Man suffers from skin hunger after divorcing his wife

StaceyNHerrera

**This is a work of nonfiction based on actual events as told to me by a close friend, who experienced them firsthand; used with permission.

My friend Dean is a software engineer. He spends his days hunched over his computer, and even when he’s not working on official business, he’s still working.

When he finally married his girlfriend of six years, Dean felt like his life was complete. He had the job of his dreams and the woman he loved by his side.

But within the first year of matrimony, things grew pretty stale. Dean’s wife suggested weekly date nights to spice things up, but most nights, Dean worked late.

Dean’s wife was well aware that he was an unapologetic workaholic before they wed. But he promised that he would slow down after they paid down some of their debt.

Dean’s work was stressful, but he could always find solace in the arms of his wife, no matter what challenges met him along the way. He loved how she would brush the stray hairs away from his eyes. And how she would reach for his hand on the rare occasion, they would go out.

Although plenty of clues indicated that things could be better between them, Dean was convinced that they were in it for the long haul. And he was utterly shocked when she finally asked for a divorce, citing irreconcilable differences. She didn’t want the house or alimony. All she wanted was her name.

After the divorce, Dean noticed how moody and agitated he felt. He chalked it up to the post-divorce blues. And so he busied himself with work and more work, just as he did when they were married.

Whenever I talk to Dean, he still mentions his wife. It’s 's been five years, and he still misses her like crazy. Of course, she has since moved on and is now remarried.

He told me that what he misses more than anything is being close to her. He says that he didn’t realize it while they were together, but her affection made him feel better. Her touch was an antidote for the anxious feelings that would creep into his head, and now his skin is hungry — all the time.

What is skin hunger?

Skin hunger (a.k.a. affection deprivation) is a deep, almost physical desire for contact with another person. It might be the longing to hug someone or even something as simple as having your arm touched by another.

A 2017 research study found that “social touch is a powerful force in human development, shaping social reward, attachment, cognitive, communication, and emotional regulation from infancy and throughout life.”

Signs and symptoms of touch starvation

Touch starvation (skin hunger )can manifest in various ways, both physical and emotional.

Physically, you may feel restless, fidgety, or even experience headaches or body aches.

Emotionally, you may feel lonely, anxious, depressed, or irritable. You may also crave human interaction and physical contact more than usual.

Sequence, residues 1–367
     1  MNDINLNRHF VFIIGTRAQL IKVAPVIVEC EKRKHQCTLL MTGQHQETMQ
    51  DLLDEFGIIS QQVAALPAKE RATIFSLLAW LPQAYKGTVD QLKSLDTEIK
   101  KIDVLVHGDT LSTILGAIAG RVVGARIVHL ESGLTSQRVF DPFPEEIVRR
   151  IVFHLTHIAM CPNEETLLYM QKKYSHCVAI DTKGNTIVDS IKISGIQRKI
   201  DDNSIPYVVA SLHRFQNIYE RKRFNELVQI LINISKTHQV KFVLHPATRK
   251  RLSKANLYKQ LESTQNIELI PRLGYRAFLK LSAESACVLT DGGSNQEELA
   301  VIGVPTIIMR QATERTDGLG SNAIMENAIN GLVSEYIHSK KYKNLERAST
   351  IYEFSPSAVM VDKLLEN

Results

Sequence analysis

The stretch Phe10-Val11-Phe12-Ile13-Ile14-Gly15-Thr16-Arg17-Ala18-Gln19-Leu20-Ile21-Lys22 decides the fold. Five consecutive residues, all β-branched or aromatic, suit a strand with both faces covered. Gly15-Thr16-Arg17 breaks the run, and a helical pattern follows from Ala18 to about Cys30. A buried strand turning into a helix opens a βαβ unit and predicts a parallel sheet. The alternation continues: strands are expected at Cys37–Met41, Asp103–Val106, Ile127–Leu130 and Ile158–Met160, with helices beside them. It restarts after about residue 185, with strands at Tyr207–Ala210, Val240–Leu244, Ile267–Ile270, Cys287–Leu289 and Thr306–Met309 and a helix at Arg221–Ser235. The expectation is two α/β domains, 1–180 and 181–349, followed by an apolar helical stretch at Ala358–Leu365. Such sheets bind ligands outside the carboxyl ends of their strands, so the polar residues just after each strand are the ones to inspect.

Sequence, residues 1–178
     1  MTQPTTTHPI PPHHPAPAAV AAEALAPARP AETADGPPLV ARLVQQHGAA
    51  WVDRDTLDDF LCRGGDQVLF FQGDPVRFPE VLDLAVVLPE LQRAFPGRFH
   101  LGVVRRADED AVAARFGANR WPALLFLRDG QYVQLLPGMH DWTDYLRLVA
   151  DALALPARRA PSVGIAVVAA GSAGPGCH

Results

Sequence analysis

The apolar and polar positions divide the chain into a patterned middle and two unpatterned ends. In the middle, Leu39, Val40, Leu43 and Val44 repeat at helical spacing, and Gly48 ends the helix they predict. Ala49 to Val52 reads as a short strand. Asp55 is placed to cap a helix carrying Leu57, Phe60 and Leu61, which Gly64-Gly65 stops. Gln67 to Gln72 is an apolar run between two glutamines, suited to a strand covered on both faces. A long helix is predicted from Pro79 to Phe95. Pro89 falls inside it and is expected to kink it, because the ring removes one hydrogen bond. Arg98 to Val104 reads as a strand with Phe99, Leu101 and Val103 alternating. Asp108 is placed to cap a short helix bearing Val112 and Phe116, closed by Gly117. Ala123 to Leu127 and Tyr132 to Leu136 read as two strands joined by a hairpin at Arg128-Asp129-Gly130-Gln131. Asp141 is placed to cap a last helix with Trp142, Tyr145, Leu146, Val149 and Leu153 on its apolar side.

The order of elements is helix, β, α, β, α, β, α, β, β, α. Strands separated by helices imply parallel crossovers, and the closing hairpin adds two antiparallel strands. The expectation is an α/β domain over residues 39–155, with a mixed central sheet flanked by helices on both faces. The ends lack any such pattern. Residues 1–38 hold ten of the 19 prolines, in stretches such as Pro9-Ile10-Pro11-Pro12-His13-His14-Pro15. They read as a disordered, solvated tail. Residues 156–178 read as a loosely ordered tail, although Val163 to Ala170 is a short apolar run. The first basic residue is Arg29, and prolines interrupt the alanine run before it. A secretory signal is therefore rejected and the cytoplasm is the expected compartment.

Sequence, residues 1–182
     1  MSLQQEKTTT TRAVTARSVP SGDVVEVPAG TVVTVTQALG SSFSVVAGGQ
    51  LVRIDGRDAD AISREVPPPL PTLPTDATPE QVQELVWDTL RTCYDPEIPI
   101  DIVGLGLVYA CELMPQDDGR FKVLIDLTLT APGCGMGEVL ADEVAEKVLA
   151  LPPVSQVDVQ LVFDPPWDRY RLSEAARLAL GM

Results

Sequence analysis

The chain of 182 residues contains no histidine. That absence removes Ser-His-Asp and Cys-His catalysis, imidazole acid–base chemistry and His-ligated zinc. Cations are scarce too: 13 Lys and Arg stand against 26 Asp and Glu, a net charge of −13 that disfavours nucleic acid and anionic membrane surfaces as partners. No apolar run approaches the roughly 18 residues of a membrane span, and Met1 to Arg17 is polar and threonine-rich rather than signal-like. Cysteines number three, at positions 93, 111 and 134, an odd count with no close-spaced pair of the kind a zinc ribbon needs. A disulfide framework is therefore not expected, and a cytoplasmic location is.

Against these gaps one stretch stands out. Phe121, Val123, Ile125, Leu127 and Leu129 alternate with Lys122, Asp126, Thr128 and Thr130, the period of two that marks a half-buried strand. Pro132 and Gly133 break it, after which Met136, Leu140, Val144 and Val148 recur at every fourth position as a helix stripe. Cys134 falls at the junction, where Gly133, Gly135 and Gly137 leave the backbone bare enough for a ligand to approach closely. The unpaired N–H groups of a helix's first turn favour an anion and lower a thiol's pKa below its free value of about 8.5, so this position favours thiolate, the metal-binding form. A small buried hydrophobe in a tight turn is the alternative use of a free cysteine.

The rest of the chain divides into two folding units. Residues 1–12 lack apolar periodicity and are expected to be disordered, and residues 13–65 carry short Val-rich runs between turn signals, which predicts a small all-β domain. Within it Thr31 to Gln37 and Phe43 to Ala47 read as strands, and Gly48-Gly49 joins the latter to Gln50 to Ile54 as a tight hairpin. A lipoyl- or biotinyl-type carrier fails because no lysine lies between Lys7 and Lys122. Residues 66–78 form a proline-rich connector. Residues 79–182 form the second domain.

“Touch starvation refers to the longing for touch or physical contact from other living beings. It typically occurs when a person experiences little to no physical contact for a prolonged amount of time.” — Louise Morales-Brown, Medical News Today

How does touch deprivation impact our bodies?

“Not only does physical touch positively affect our emotional wellbeing, but a reassuring touch from another also has physiological benefits,” according to Psychology Today.

When we go without touch, our bodies produce higher levels of the stress hormone cortisol. This can lead to many health problems, including high blood pressure, anxiety, and depression. Skin hunger may be a contributing factor in insomnia and chronic pain.

Practical tools to help combat skin hunger

If you find yourself suffering from skin hunger, here are a few things that might temporarily help alleviate the symptoms:

Self-massage or skin brushing — Gently rubbing or massaging your skin can help to ease the aches and pains associated with affection deprivation.

Spend time around animals — Animals are known to have a calming effect on humans. Spending time around animals can help to reduce stress and anxiety levels.

Hug more often — Hugging family and friends is a great way to get the physical touch you need.

Join a cuddle party — Cuddle parties are social events where people gather together to cuddle. They’re a great way to get some non-sexual human touch in a safe and comfortable environment.

Weighted blanket — Weighted blankets are becoming an increasingly popular way to ease anxiety and promote relaxation. The pressure of the blanket has a calming effect on the nervous system, which can help to reduce the symptoms of affection deprivation.

Affection deprivation is a real and serious problem that can negatively affect our health. If you struggle with skin hunger, you can do a few things to ease the symptoms. Seek out human touch whenever possible, whether through hugging, cuddling, or massage. You can also try using a weighted blanket to help soothe and calm your nervous system temporarily.

*Name has been changed

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Intimacy & Relationship coach, writer, and creator of The Sensuality Project. I specialize in Relationship-ing (it's a verb).

Los Angeles County, CA
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